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NEVADA COUNTY, Calif. April 6, 2021 – Nevada County is not one of the 16 counties advancing into a less restrictive tier today. The latest CDPH update shows an increase in daily cases to an average of 12.7 which starts the clock for sliding back into the most restrictive Purple Tier.

“If a county’s metrics worsen for two consecutive weeks, it will be assigned a more restrictive tier,” according to the Blueprint for a Safer Economy state website. With state data used to determine tier status lagging seven days behind real-time, next week’s update could set us back substantially and impact businesses again.

Demographics of new cases

Data courtesy NCPH

For the past five weeks, Seniors 65 and over have declining case rates, largely due to progress in immunizations and no new cases in Long Term Care Facilities.

Other age groups show increasing cases, the 50-64 group (approximately 25,000 residents) leading the cases by age with 952 cases total. Possible causes for the increase range from event-type indoor dining/large gatherings to decreased social distancing.

Data courtesy NCPH

All ages 50 and over are eligible to be vaccinated right now at one of the providers listed on the county’s vaccine provider website.

Nevada County residents age 16 and older are eligible to be immunized at the county’s Public Health clinic.

To date, 50,680 doses have been administered to Nevada County residents (total includes both first and second doses.)

One bright spot is the test positivity rate, currently at 4.3% which is aligned with the current Red Tier classification.

72.7% of all cases are in western Nevada County since the start of the pandemic a little over a year ago. Since the beginning of 2021, that number has increased to 78.8% with only 338 cases in the Truckee area out of 1,596 cases.

Vaccines administered and latest state update

This morning, state health officials announced that 4 million doses have been administered in the HPI quartile 1 and over 20 million doses throughout the state.

The new case rate, test positivity, and health equity metric thresholds are as follows:

June 15 target for California

On June 15, California will fully open its economy if two criteria are met:

  • If vaccine supply is sufficient for Californians 16 years and older who wish to be inoculated; and
  • If hospitalization rates are stable and low

Everyday activities will be allowed and businesses can open with common-sense risk reduction measures, including encouraging all Californians to get vaccinated and mandating masking, to prevent illness and promote health. The state will continue contact tracing and testing to detect cases early and contain spread of the virus. The entire state will move into this new phase as a whole. The state will monitor hospitalization rates, vaccine access and vaccine efficacy against variants, with the option to revisit the June 15 date if needed.

When California fully reopens the economy, the state will move beyond the Blueprint for a Safer Economy. Common-sense health measures such as masking will remain across the state. Testing or vaccination verification requirements will remain in relevant settings. Additionally:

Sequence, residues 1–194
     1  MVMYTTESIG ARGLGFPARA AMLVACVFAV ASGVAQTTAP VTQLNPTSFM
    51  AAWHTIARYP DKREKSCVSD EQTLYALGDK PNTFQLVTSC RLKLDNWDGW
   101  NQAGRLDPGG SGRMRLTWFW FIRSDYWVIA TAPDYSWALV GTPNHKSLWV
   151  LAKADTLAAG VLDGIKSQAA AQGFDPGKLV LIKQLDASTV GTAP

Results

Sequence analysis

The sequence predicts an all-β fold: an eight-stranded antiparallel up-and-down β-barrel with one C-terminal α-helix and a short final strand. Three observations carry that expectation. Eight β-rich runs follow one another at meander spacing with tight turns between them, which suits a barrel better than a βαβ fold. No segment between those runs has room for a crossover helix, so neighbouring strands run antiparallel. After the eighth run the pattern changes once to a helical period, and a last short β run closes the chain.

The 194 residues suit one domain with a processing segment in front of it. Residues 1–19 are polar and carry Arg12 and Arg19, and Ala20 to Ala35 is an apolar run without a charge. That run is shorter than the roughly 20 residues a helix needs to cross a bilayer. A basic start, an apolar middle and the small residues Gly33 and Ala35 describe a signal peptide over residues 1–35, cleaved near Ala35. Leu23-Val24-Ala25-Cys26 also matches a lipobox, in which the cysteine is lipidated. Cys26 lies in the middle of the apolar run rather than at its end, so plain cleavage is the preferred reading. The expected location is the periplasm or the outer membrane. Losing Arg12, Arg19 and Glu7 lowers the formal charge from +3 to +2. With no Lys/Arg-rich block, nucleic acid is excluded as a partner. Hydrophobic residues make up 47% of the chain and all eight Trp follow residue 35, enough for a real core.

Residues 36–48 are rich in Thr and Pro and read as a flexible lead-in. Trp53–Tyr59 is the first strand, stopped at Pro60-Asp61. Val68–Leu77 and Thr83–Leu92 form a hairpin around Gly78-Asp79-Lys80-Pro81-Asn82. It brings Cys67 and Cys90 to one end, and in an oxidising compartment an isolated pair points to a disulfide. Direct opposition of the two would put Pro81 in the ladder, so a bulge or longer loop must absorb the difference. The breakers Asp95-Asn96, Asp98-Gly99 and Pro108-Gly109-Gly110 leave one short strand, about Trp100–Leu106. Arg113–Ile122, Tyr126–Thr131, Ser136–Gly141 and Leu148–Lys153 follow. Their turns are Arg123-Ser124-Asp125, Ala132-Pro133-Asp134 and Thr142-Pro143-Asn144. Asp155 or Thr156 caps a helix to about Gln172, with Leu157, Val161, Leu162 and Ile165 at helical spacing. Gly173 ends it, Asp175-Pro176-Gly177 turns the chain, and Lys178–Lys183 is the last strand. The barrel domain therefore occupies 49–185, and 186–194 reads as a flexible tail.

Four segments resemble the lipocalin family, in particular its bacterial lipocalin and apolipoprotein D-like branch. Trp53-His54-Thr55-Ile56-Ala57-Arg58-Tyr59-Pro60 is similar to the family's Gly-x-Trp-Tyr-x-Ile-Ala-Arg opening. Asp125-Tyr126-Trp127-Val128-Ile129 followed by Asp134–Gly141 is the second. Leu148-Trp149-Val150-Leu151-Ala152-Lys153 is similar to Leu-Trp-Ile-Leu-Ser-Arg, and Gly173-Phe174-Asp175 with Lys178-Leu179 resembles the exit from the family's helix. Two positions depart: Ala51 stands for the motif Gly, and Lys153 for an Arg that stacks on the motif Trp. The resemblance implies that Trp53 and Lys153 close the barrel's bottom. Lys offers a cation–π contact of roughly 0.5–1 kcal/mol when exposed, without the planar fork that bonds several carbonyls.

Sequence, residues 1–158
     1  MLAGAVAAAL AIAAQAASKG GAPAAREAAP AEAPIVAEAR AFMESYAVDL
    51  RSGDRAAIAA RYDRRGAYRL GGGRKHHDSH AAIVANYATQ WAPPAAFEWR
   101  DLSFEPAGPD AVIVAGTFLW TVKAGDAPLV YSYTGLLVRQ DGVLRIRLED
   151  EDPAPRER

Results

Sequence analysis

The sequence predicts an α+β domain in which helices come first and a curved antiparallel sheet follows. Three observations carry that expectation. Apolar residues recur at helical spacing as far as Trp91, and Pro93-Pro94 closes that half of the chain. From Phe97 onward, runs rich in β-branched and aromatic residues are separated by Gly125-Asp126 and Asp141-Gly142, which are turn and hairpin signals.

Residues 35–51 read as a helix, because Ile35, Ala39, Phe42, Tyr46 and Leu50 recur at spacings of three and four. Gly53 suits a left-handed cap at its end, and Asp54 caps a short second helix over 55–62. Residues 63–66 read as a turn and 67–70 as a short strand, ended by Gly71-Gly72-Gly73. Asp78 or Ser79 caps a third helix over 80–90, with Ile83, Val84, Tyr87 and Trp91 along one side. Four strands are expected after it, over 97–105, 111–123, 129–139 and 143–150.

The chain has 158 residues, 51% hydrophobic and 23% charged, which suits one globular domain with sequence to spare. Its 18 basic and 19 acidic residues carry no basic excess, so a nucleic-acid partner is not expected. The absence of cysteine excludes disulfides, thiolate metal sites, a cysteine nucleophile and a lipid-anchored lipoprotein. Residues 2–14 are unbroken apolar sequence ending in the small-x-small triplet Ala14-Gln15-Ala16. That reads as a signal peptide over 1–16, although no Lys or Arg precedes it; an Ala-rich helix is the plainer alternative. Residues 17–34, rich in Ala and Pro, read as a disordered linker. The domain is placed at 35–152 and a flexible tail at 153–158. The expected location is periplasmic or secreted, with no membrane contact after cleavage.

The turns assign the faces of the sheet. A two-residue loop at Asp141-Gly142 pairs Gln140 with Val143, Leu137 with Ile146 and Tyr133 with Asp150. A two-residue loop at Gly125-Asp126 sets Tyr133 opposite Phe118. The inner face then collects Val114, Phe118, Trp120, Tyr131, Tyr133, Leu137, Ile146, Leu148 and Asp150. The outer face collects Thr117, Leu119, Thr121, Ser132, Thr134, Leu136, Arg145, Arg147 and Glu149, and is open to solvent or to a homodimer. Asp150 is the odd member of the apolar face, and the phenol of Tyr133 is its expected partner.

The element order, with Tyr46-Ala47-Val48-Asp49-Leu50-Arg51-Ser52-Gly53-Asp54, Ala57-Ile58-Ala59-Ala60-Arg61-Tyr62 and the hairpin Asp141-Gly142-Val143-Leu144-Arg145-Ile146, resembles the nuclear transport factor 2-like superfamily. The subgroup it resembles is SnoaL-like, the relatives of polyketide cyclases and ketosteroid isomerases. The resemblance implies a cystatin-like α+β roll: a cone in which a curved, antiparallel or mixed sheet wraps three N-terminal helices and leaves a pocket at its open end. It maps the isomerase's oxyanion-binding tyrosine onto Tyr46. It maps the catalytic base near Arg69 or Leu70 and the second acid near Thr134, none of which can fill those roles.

• All sectors listed in the current Blueprint Activities and Business Tiers Chart may return to usual operations in compliance with ETS/Cal OSHA and other statewide agency guidelines and standards with limited public health restrictions, such as masking, testing, and testing or vaccination verification requirements for large-scale higher-risk events. In addition, the following restrictions apply (via a narrow public health order): 
    • Unless testing or vaccination status is verified for all attendees, conventions will be capped at 5,000 persons until October 1.
    • International convention attendees will only be allowed if fully vaccinated.
  • Schools and institutions of higher education should conduct full-time, in person instruction, in compliance with Cal/OSHA emergency temporary standards and public health guidelines.
  • Workplaces promote policies that reduce risk, including improved indoor ventilation, and mask wearing in indoor and other high-risk settings as well as remote work when possible without impacting business operations.
  • Californians and travelers will be subject to any current CDPH and CDC travel restrictions.

California will also need to maintain the public health and medical infrastructure in these five priority areas:

  1. Continue to provide vaccinations and be prepared for the vaccination of Californians under 16 years old. It is critical that vaccines remain effective against circulating strains.
  2. Conduct equity-focused monitoring and surveillance by maintaining adequate testing capacity and strategies for the early detection of cases including variants via genomic sequencing.
  3. Contain disease spread through timely investigation of cases, contacts, and outbreaks.
  4. Maintain a statewide plan to scale up resources for isolation or quarantine.
  5. Monitor hospital admissions and maintain adequate personal protective equipment (PPE) and healthcare surge capacity that can be easily mobilized.